The Downing College Alumni Association centenary
The Downing College Alumni Association celebrates its centenary on 7 October 2022, one hundred years after it was founded at a dinner in London. This online exhibition shares some of the major developments in the Association's long history.
Proposal for an "Association of former members", 1907
Extract from 'The Griffin', Michaelmas 1907
The suggestion that the formation of an Association would quickly follow this article proved very optimistic. Although the matter was raised again at a dinner in 1913 and the Griffins' London dinner in 1914, the outbreak of war meant that the issue was set aside for several more years.
Final approval for a "Downing Association", 1922
Notice of the formation of the Downing Association, with objectives (DCCS/1/7/1)
Following the First World War, Downing students preparing to graduate were especially keen to keep in touch with each other and the College and so the idea of a Downing Association was again raised in the student magazine, The Griffin, in April 1921 and at the first post-war Downing dinner in London later that year. The Governing Body was initially concerned that an Association of old Downing men might try and run the College and "might grow into a Frankenstein which could make life very uncomfortable for quiet academics". These reservations were eventually overcome with the suggestion that the Tutor, James Henry Widdicombe, should be the first Secretary and a memorandum was circulated on 14 August 1922 announcing the formation of the long-awaited Downing Association at its inaugural dinner to be held on 7 October. The Association's main objectives were to keep old members "in touch with one another and with the College" and to "facilitate united action in any matter concerning the welfare of the College and its members".
(Source: Stanley French, writing in the Downing College Alumni Association Newsletter, 1973)
Founding dinner, 7 October 1922
Held at the Holborn Restaurant and attended by 82 Downing alumni and Fellows
The Downing Association was officially formed at this dinner on 7 October 1922. The Master was elected as the first President, with the Tutor elected as Secretary and the rest of the Governing Body elected as Vice-Presidents. As a result, the Association was effectively controlled by the College in its early years, although the Executive Committee was made up largely of alumni, including recent graduate (and later Master) Lionel Whitby.
Image: DCPH/2/4/2 (College Archive)
Founding dinner, 7 October 1922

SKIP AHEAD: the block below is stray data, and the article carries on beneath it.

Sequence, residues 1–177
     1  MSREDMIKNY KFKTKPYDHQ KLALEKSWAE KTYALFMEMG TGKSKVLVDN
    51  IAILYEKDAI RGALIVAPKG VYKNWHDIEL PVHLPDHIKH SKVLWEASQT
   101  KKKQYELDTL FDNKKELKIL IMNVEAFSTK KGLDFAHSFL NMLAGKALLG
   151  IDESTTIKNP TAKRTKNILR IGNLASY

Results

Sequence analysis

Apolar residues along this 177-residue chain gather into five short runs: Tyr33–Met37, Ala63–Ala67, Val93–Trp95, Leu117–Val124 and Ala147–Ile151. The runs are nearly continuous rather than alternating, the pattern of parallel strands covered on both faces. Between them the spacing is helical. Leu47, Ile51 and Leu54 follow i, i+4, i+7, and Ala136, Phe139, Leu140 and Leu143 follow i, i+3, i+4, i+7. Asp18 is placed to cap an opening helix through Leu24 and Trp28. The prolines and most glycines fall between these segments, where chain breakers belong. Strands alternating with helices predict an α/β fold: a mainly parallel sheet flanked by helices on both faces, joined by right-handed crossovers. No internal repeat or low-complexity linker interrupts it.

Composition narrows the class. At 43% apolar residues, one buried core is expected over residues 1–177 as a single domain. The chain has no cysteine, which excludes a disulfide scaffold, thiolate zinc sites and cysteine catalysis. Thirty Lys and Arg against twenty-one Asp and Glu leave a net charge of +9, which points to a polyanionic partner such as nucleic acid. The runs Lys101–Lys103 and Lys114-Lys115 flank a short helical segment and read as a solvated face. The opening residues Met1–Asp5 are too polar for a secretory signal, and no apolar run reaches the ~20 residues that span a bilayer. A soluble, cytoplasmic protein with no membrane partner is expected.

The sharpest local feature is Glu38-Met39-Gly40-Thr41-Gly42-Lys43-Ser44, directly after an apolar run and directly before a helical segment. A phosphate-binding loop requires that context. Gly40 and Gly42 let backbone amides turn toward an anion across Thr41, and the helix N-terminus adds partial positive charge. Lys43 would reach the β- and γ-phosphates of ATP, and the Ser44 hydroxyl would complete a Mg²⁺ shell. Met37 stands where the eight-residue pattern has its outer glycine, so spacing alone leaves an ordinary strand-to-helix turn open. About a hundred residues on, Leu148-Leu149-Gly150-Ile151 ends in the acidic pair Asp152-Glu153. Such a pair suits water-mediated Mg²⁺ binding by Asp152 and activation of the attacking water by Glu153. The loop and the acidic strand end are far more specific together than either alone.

Seating plan (College Archive, DCPH/2/4/2)
Extract from the minutes of the inaugural meeting, 7 October 1922
Downing College Archives (DCCS/1/2/1)
The Master, Professor A. C. Seward, was invested as the Association's first President with a 'handsome badge of office in the shape of an enamelled copy of the College arms suspended from a collarette', presented by a member of the provisional committee. The President of the Association changed annually, with Seward followed in 1923 by Thomas Danby, former Fellow and the oldest member on the College boards (who shared his memories of Downing in the 1860s in this extract).
Early Association dinners
These are some of the earliest surviving menus for Association dinners in the College Archive.
The Association’s second dinner was held in College on 14 April 1923, with most of the 66 members present staying in their old rooms. Annual dinners alternated between London and the College in the early years, with discussions about subsidiary regional dinners in Manchester or Liverpool, although these were not introduced until 1953.
Developments in the 1930s and 1940s
Launch of the Association Newsletter and other initiatives
H. C. Whalley-Tooker took over as Secretary in 1931 and the Association flourished, supported by subscriptions for life membership (at £1 1s 0d), introduced in 1926. The annual News Letter*, sharing news of College developments and members, was launched in 1934 with a circulation list of 700. (By the 1960s, it had become the main record of College life after changes to The Griffin.) In 1937, two further initiatives were announced: a Benevolent Fund to help undergraduates suffering a ‘financial disaster’ and the formation of a group of around 30 former members acting as career advisers to current students. Shortly after the first award from the Benevolent Fund, the outbreak of the Second World War meant that meetings of the Association ceased until 1946 and only one News Letter was produced due to war-time difficulties and paper shortages. When Whalley-Tooker stepped down as Secretary in 1947, he was replaced by H. W. Liddle (1906), the first alumnus to hold the post. He carried out an energetic recruitment drive targeting lost members, expanded the News Letter and fostered good relations between the Association and Governing Body.
*as it was known until 1998
Regional and ladies' dinners
The first regional dinners were held in Manchester and Birmingham in 1953, with special Ladies' events introduced from 1957.
Around 30 members attended the first Manchester and Birmingham events and members’ ‘ladies’ were invited to a special tea before the 1957 Association dinner, although the dinner itself remained strictly members-only. The first Northern region ladies’ dinner in 1966, attended by 18 members and their wives, prompted another discussion of the matter of members’ wives accompanying them to the annual dinner in College, but the difficulties keeping ‘the ladies entertained whilst their husbands feasted were so apparent that the [Association] decided not to do anything about it’! (Downing Association News Letter)